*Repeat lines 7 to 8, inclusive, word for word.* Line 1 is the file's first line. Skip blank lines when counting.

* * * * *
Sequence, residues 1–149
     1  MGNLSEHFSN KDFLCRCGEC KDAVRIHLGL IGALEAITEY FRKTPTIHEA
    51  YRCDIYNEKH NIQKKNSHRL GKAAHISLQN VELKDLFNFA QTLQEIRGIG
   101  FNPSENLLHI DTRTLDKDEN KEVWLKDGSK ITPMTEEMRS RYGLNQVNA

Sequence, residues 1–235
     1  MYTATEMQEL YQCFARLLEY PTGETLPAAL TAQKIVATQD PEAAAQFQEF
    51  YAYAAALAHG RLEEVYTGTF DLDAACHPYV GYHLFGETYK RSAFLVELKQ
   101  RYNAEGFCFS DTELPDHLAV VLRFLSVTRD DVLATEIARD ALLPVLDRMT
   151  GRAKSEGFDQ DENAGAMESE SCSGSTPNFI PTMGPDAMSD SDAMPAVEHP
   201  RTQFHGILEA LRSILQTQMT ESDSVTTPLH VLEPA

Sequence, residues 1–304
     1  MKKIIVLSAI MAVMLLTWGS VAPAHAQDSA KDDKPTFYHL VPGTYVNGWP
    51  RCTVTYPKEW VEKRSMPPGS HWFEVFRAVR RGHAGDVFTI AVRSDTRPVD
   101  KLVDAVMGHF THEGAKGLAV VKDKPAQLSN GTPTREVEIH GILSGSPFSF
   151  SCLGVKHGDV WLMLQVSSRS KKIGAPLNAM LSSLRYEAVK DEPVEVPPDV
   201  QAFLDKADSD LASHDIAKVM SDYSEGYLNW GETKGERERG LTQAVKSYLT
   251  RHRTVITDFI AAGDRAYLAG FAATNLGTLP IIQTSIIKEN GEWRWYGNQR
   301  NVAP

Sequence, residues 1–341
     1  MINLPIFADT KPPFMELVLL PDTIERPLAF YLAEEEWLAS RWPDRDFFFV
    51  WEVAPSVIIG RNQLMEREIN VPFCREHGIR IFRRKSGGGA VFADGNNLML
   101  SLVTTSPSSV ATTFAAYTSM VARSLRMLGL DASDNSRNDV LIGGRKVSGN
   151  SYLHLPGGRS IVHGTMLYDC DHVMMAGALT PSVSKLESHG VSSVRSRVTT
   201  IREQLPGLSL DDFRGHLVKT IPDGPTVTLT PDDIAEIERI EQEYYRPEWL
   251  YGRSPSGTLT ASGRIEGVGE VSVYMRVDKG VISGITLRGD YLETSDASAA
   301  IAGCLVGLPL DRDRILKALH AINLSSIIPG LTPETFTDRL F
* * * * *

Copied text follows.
    51  YAYAAALAHG RLEEVYTGTF DLDAACHPYV GYHLFGETYK RSAFLVELKQ
   101  RYNAEGFCFS DTELPDHLAV VLRFLSVTRD DVLATEIARD ALLPVLDRMT